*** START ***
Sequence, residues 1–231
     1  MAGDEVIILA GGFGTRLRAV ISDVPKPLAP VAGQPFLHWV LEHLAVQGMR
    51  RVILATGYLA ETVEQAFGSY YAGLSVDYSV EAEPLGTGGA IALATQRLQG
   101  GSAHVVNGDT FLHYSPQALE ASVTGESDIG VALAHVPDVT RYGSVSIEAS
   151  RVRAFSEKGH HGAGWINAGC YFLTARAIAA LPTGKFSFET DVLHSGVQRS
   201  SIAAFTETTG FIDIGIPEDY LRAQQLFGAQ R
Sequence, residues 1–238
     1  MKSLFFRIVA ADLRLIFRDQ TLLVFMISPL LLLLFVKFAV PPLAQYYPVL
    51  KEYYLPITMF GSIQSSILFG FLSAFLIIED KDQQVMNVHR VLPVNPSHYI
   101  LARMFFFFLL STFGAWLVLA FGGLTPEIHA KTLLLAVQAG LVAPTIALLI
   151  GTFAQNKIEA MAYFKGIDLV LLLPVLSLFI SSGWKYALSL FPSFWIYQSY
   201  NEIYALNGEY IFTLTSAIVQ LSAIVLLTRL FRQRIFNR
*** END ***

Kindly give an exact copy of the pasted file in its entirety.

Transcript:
Sequence, residues 1–231
     1  MAGDEVIILA GGFGTRLRAV ISDVPKPLAP VAGQPFLHWV LEHLAVQGMR
    51  RVILATGYLA ETVEQAFGSY YAGLSVDYSV EAEPLGTGGA IALATQRLQG
   101  GSAHVVNGDT FLHYSPQALE ASVTGESDIG VALAHVPDVT RYGSVSIEAS
   151  RVRAFSEKGH HGAGWINAGC YFLTARAIAA LPTGKFSFET DVLHSGVQRS
   201  SIAAFTETTG FIDIGIPEDY LRAQQLFGAQ R
Sequence, residues 1–238
     1  MKSLFFRIVA ADLRLIFRDQ TLLVFMISPL LLLLFVKFAV PPLAQYYPVL
    51  KEYYLPITMF GSIQSSILFG FLSAFLIIED KDQQVMNVHR VLPVNPSHYI
   101  LARMFFFFLL STFGAWLVLA FGGLTPEIHA KTLLLAVQAG LVAPTIALLI
   151  GTFAQNKIEA MAYFKGIDLV LLLPVLSLFI SSGWKYALSL FPSFWIYQSY
   201  NEIYALNGEY IFTLTSAIVQ LSAIVLLTRL FRQRIFNR